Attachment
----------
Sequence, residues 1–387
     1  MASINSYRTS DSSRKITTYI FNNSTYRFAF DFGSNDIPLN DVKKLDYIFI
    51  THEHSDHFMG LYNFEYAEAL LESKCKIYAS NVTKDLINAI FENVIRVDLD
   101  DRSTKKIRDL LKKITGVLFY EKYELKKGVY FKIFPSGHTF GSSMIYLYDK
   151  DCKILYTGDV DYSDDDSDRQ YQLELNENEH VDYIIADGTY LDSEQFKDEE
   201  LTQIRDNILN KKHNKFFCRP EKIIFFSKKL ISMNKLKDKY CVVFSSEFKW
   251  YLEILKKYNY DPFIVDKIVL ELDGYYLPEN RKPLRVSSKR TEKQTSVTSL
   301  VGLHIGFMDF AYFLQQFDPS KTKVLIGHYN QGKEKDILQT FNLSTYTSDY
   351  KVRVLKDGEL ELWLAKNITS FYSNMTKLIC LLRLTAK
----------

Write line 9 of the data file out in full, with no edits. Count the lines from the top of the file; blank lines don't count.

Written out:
   351  KVRVLKDGEL ELWLAKNITS FYSNMTKLIC LLRLTAK